ATG5 - an essential regulator of autophagosome assembly

Wed, 06/03/2015 - 15:02

Autophagy is important for the removal of damaged organelles or proteins as well as for the regulation of cellular homeostasis in response to stress. Proteins or organelles that are targeted for degradation are engulfed in a double-membrane structure called the autophagosome that eventually fuses with the lysosome to mediate cargo degradation. Atg5 plays an important regulatory role in the early steps of this process. During early autophagosome assembly Atg5 is conjugated to Atg12, an ubiquitin-like protein, and associates with Atg16. This complex of Atg5-Atg12/Atg16 forms a large multimeric complex and localizes to early autophagsome structure where it plays an essential role in the lipidation of Atg8. Atg8 is another ubiquitin-like protein that, upon lipidation, inserts into the autophagosome membrane to help recruit additional lipid components and autophagy machinery as well as cargo targeted for degradation. The Atg5-Atg12/Atg16 complex functions as an E3 ligase for the lipidation of Atg8 and is essential to autophagosome formation.

The Jahn group at the Max Planck Institute used the Atg5 antibody to characterize the interaction of Rab26 with autophagy proteins (1). They used immunoprecipitation experiments to show the GTPase Rab26, a protein associated with synaptic vesicles also interacts with Atg5 and Atg16. This indicates a potential role for Rab26 in the targeting of synaptic vesicles for degradation through autophagy. Granato et al. studied pro-survival mechanisms of bortezomib treated lymphoma cells (2). They depleted Atg 5 and used Atg5 antibody to confirm knockdown by western blot. Disrupting autophagy prevented the pro-survival effects of bortezomib suggesting co-treatment with autophagy inhibitors may be of therapeutic value. The Hooper group at UT Southwestern studied the role of autophagy in host defense against invasive bacteria in the intestine (3). They generated tissue specific Atg5 knockout mice and used the Atg5 antibody to confirm absence of protein. Their experiments showed autophagy was important for limiting infections by invasive bacteria. The Desjardin group published research in Nature Immunology autophagy enhances the presentation of viral antigens (4). They used the Atg5 antibody to confirm siRNA depletion or knockout of Atg5 and showed antigen presentation was subsequently reduced. While autophagy is important in immune response viruses, the Cirone group showed that by appropriating autophagy machinery the Epstein Barr virus (EBV) can enhance viral replication (5). They used the Atg5 antibody to confirm siRNA depletion of Atg5 by western blot to demonstrate autophagy is needed for enhanced EBV lytic gene expression.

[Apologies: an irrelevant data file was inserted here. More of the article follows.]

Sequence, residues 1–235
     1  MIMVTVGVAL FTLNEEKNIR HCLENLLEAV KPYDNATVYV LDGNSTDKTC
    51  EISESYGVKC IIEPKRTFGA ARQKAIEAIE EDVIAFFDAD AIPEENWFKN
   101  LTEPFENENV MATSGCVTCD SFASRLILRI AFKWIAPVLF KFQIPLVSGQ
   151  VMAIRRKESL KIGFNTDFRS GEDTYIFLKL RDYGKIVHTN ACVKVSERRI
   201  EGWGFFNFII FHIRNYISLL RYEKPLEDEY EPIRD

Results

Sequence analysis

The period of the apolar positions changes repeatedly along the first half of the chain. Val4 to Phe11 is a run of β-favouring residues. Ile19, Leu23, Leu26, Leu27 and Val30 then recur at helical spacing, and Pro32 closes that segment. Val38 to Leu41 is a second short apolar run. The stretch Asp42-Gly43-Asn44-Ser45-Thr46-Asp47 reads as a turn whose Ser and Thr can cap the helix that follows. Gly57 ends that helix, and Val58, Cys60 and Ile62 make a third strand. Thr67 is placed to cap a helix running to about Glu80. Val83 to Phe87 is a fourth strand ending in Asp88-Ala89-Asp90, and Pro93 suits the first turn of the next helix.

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  2. 24086672
  3. 23768496
  4. 19305394
  5. 25142602

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